Royal Mail have revealed 10 new David Bowie stamps, which will mark a tribute to one of the most influential music and cultural figures of all time.
The stamps are Royal Mail’s second dedicated music artist stamp issue, following on from the popular Pink Floyd release in the summer of last year.
Scheduled for release on 14th March 2017, the stamps will feature iconic album covers and live performances from 1971 right up to his final studio album Blackstar.
Here’s your first look at the new stamps alongside a bit of info about each one…
1st Class – Hunky Dory:
His fourth album and released in December 1971. Time magazine chose it as part of their “100 best albums of all time” list in January 2010.
1st Class – Aladdin Sane:
His sixth album and released in April 1973. The album was among six Bowie entries in Rolling Stone magazine’s 2003 list of the 500 greatest albums of all time.
1st Class – “Heroes”:
His twelfth studio album and released in October 1977. This was the second instalment of his “Berlin Trilogy” recorded with Brian Eno and Tony Visconti. The title track remains one of Bowie’s best known and acclaimed songs.
£1.52 – Let’s Dance:
His fifteenth studio album and released in April 1983. Co-produced by Nile Rodgers, and featured three of the most successful singles “Let’s Dance”, “Modern Love” and “China Girl”. Let’s Dance is Bowie’s bestselling album.
£1.52 – Earthling:
His twentieth studio album and released in February 1997, this was the first album Bowie had self-produced since Diamond Dogs.
£1.52 – Blackstar:
Bowie’s final studio album, released on 8th January 2016 to coincide with his 69th birthday. Bowie died two days after its release.
The Miniature Sheet
1st Class – The Ziggy Stardust Tour, 1972: The tour promoted The Rise and Fall of Ziggy Stardust and the Spiders from Mars studio album and took in the UK, North America, and Japan.
1st Class – The Serious Moonlight Tour, 1983: The tour was designed to support the Let’s Dance album and was Bowie’s longest, largest and most successful concert tour.
£1.52 – The Stage Tour, 1978: Also known as Isolar II – The 1978 World Tour and The Low/Heroes World Tour because it was staged to promote the Low and Heroes albums.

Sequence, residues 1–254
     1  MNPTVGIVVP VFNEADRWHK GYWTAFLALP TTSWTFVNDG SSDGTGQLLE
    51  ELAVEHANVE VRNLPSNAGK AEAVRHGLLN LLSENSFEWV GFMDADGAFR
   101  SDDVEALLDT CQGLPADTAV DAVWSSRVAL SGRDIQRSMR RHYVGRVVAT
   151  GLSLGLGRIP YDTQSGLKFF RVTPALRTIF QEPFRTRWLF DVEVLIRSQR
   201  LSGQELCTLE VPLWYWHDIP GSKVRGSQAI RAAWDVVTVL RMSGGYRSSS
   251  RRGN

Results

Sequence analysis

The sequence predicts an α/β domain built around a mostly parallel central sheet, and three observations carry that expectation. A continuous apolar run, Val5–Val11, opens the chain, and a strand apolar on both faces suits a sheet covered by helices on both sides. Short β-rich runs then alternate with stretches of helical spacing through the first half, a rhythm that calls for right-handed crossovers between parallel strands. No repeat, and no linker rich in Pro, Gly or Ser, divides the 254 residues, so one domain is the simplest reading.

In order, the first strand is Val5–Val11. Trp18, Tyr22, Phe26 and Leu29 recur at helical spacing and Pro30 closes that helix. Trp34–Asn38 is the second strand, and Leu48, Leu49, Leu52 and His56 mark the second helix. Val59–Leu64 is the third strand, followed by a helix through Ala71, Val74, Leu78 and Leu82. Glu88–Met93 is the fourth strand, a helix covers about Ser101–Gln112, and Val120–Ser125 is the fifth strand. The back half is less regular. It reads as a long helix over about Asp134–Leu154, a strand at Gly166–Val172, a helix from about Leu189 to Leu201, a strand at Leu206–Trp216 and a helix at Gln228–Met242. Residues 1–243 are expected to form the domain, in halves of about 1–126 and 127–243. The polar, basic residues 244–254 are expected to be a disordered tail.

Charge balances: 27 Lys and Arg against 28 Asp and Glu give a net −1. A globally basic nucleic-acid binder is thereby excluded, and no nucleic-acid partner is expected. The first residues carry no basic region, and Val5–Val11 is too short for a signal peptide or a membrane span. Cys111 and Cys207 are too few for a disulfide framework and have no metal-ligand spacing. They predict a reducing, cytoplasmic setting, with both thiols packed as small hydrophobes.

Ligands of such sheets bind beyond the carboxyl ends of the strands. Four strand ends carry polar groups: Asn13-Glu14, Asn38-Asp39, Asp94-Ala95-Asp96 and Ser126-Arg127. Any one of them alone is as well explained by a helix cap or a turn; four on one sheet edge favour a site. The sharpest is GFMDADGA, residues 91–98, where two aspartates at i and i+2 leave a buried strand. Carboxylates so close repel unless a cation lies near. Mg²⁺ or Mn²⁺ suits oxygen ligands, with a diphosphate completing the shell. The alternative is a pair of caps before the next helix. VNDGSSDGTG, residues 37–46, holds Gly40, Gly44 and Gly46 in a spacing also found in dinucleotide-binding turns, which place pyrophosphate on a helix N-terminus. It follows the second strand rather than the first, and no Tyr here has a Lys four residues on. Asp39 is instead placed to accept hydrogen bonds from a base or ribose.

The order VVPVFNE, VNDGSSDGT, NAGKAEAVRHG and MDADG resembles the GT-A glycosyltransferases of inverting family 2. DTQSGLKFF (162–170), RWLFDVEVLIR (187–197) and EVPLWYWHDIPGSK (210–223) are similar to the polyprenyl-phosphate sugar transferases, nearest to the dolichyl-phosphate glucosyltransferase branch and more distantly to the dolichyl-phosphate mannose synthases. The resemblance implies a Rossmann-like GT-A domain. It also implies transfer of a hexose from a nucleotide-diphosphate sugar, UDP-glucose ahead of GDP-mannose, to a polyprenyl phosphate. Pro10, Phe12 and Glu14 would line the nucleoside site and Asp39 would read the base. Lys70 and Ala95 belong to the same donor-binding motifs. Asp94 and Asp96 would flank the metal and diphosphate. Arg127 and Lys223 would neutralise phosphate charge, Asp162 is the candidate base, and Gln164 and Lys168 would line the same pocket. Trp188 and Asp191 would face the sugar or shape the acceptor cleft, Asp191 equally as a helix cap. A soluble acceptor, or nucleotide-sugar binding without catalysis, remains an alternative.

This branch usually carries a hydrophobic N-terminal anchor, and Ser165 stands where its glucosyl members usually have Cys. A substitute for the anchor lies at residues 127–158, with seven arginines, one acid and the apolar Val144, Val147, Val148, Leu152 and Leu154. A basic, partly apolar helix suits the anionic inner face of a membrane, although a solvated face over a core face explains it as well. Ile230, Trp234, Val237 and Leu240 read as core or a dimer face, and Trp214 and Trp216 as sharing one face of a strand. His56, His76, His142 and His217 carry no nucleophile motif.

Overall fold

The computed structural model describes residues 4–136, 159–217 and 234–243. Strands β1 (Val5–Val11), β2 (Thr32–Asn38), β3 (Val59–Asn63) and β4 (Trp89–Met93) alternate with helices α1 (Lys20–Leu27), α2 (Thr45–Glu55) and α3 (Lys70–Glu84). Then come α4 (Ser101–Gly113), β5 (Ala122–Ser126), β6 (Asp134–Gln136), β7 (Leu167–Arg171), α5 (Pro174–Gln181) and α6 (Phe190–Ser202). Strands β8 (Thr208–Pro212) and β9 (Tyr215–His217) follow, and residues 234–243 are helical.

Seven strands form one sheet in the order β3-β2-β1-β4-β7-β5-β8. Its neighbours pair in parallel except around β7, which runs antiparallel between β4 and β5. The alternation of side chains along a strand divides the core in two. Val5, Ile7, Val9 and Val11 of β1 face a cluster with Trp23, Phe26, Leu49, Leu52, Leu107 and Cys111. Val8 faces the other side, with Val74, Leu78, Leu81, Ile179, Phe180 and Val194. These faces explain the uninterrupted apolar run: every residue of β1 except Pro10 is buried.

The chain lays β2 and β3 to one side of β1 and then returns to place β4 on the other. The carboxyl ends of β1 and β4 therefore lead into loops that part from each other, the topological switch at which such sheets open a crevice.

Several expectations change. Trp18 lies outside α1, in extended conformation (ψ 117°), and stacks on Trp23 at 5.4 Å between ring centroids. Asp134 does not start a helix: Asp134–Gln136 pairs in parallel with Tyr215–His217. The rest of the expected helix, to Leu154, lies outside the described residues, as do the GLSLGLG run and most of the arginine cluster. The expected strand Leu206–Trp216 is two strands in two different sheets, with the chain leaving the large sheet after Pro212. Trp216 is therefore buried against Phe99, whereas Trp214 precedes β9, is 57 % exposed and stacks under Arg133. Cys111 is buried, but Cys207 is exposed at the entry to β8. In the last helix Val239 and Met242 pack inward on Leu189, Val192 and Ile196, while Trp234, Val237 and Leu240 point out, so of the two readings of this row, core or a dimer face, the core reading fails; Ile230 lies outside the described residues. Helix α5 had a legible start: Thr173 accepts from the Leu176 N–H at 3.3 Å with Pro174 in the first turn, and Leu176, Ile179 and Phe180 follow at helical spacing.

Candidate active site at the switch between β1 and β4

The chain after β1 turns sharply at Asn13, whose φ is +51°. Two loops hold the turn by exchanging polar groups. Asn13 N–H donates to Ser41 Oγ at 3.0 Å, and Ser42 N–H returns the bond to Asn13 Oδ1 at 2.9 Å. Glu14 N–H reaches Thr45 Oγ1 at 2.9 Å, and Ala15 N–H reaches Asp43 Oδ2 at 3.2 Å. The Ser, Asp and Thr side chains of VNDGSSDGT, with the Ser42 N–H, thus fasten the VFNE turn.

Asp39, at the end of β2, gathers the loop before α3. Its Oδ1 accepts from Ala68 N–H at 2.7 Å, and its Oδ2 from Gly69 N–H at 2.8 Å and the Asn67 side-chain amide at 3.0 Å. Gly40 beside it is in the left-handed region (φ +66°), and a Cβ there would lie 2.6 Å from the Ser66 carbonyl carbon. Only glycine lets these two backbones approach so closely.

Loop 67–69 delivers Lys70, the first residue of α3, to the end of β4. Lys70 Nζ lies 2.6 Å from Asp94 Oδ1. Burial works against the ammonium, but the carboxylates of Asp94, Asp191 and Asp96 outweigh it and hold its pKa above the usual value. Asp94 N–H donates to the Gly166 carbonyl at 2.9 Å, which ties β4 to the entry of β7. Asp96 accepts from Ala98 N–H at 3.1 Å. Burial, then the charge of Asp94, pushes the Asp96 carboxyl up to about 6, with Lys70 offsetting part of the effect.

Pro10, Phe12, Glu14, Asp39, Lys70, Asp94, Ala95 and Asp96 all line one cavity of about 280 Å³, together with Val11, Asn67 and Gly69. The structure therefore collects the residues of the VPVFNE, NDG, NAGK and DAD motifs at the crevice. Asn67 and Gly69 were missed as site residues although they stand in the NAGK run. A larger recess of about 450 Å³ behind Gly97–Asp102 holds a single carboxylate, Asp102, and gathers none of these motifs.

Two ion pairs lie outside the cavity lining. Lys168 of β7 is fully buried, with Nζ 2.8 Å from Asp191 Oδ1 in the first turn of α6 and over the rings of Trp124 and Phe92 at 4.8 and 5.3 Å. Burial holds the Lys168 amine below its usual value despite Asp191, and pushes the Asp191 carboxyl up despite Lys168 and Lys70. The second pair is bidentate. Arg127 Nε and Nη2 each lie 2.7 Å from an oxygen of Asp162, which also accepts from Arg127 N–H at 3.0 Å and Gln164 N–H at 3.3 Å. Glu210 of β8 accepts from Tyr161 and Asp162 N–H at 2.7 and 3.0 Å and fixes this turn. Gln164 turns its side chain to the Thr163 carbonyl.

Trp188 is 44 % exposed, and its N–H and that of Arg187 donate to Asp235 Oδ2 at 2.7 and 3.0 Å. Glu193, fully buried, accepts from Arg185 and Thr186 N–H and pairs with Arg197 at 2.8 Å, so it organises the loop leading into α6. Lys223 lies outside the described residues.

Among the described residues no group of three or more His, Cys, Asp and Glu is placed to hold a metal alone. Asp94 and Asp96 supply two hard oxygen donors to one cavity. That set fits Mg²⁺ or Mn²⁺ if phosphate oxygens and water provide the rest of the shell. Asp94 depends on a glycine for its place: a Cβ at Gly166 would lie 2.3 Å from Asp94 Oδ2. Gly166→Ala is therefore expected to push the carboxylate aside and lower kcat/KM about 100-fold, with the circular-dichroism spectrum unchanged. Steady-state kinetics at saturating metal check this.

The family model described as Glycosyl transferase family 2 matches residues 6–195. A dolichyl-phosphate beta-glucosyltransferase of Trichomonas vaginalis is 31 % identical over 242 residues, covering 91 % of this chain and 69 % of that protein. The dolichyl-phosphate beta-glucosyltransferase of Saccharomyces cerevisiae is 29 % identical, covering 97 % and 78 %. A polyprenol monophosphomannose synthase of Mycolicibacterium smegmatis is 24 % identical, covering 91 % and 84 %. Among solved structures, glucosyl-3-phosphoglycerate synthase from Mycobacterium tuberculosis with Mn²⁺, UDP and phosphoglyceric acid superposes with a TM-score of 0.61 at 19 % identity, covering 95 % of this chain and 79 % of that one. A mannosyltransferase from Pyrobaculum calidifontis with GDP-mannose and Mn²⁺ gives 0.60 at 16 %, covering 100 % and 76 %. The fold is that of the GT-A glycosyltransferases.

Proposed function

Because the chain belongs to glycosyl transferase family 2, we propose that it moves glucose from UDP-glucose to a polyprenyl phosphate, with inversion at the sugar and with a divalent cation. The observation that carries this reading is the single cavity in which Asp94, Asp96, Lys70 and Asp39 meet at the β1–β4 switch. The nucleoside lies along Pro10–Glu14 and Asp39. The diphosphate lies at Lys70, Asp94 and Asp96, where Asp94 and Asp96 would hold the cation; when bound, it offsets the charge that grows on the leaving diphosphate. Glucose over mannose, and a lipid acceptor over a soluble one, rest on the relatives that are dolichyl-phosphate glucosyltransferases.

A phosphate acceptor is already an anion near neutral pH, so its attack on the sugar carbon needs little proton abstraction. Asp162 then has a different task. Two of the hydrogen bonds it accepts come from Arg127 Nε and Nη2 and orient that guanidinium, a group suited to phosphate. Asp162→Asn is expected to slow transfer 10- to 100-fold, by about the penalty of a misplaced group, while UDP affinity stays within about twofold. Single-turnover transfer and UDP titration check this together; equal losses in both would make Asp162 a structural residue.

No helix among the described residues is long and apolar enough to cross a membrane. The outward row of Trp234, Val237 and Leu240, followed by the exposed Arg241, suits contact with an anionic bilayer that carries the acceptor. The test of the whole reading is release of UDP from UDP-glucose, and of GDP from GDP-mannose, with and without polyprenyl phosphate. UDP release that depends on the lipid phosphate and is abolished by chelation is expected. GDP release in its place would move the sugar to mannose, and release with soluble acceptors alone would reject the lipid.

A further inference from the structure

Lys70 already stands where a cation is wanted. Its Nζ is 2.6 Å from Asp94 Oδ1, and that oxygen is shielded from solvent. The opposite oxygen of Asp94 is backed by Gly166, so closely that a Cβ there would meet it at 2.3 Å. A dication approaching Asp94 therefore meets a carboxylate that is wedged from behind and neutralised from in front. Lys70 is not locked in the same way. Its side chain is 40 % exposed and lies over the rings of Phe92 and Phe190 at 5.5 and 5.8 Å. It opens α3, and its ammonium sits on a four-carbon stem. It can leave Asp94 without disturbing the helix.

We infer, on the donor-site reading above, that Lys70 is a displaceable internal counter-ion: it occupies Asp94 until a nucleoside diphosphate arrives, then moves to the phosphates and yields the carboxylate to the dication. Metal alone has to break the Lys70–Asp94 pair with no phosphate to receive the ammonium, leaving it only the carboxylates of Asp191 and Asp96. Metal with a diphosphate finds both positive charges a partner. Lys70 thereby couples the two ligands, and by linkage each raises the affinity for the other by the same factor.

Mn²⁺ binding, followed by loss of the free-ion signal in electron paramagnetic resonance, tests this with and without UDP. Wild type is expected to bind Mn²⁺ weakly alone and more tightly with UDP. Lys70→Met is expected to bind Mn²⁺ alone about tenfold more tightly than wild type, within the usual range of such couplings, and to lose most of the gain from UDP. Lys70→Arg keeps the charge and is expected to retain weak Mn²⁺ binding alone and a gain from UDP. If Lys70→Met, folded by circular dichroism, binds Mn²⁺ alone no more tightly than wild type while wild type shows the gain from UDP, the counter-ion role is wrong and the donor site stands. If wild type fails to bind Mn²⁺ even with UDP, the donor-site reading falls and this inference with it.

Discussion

£1.52 – A Reality Tour, 2004: Staged to promote the Reality album this tour was to be Bowie’s last tour.
Background Image – The Glass Spider Tour, 1987: launched to promote the album Never Let Me Down.
A First Class Tribute to a Music Legend
These stamps are sure to be sought after by anyone looking for a really collectable piece of Bowie memorabilia. And there are even due to be limited edition ‘fan sheets’ issued for the those who want to keep something truly special.
I wasn’t sure Royal Mail could top last year’s Pink Floyd issue, but these stamps are so well executed and poignant in my opinion they will go down as some of the most important musical stamps ever to grace our postage.
You can reserve all of the new David Bowie stamps right now on a limited edition Collector Card – professionally framed and ready to hang. Click here for details.
A rare Penny Red stamp has recently become the UK’s second most valuable stamp, selling for £495,000 to an unnamed British collector.
The Penny Red stamp dutifully served the Victorian public for almost 40 years. But only a few knowledgeable collectors are aware of the full significance of the plate numbers from this classic British stamp.
Hidden within the borders of the stamp is the plate number and each number refers back to the original metal plate from which the stamp was printed. And as each plate printed different quantities of Penny Reds, so the plate number is the secret key to the stamp’s rarity and true value.
The Plate 77 Penny Red is one of only five in the world. Dating from 1863, they are viewed by collectors and investors as the holy grail of philately because Plate 77 stamps were not meant to exist. The stamps were created but never sold by post offices after they were considered to be not good enough quality.
The original printing plate was destroyed, but a tiny handful made their way into circulation. As a result they are highly prized by collectors – far more so even than the fabled Penny Black.
The last Plate 77 Penny Red to hit auction sold in 2012 for £550,000, making it the UK’s most expensive stamp. Its slightly higher price reflected the fact that it was in significantly better condition.
Keith Heddle, of collectibles merchant Stanley Gibbons, which sold the stamp, said: “This is one of the most desirable and iconic of British stamps for collectors worldwide, highly sought after for more than 100 years. I’m delighted this one has found a home in Britain.”
You can own an entire Penny Red Plate Collection.
Featuring one stamp from virtually every plate ever used. This is probably the most comprehensive collection of Penny Reds ever offered.